Snakes are among the most common targets of fears and phobias around the world. In visual search tasks, both adults and young children have repeatedly been found to visually detect snakes more rapidly than other kinds of stimuli. An important question that remains unstudied is what accounts for humans' rapid response to snakes? Here we suggest that specific features of snakes themselves lead to their rapid detection. The results of five experiments suggest that a snake's shape is the crucial factor in their rapid detection.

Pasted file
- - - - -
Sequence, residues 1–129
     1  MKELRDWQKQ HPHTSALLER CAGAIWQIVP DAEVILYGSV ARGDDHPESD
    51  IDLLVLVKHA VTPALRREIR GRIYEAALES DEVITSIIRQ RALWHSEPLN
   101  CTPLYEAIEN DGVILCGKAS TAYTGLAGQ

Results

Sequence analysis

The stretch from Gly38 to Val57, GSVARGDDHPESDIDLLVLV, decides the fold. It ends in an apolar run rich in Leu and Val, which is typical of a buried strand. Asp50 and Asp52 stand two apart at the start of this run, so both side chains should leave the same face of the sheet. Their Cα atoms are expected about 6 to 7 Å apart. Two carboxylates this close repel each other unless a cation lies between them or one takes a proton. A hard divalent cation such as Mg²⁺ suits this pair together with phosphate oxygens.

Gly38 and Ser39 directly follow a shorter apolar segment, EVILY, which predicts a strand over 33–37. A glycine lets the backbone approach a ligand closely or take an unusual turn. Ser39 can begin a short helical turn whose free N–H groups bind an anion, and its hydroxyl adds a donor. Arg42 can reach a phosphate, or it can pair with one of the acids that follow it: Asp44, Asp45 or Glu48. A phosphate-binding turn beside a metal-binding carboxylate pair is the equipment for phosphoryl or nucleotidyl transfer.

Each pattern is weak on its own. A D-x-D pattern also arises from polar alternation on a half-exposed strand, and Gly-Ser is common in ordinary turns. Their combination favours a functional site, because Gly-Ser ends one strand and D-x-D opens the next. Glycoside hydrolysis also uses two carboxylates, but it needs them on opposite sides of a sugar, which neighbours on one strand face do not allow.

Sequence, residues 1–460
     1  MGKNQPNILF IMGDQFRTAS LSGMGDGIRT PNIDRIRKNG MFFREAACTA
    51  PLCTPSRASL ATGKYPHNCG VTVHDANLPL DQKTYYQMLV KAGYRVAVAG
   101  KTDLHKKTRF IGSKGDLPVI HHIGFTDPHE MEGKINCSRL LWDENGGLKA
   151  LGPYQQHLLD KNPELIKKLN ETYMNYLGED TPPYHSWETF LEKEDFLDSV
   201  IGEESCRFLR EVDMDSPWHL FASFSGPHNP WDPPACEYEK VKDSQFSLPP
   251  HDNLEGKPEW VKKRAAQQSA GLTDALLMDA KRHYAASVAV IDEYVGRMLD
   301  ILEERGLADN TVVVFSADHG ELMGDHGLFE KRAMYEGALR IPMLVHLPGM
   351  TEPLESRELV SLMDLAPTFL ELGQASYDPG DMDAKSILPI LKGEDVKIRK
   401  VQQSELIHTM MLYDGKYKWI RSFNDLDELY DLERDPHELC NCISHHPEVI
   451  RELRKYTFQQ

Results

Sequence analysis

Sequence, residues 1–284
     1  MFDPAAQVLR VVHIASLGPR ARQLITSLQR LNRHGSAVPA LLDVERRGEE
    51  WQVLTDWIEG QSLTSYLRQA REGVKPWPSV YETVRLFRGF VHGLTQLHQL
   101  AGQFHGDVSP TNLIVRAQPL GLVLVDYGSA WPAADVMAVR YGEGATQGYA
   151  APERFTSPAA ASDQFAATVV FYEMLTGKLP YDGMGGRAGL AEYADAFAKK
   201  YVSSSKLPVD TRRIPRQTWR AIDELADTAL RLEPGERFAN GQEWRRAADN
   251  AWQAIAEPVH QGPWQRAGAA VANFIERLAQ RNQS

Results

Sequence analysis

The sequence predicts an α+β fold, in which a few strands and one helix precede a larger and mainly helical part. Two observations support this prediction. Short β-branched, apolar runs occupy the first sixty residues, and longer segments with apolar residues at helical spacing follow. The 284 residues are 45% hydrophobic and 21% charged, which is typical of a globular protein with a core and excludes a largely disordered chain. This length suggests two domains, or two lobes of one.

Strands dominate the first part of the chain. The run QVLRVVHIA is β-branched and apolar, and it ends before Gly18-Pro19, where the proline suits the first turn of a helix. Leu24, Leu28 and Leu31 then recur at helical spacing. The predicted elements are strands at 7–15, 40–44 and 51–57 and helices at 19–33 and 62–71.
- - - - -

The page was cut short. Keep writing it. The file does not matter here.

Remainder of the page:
All Science Journal Classification (ASJC) codes
- Experimental and Cognitive Psychology
- Arts and Humanities (miscellaneous)
- Cognitive Neuroscience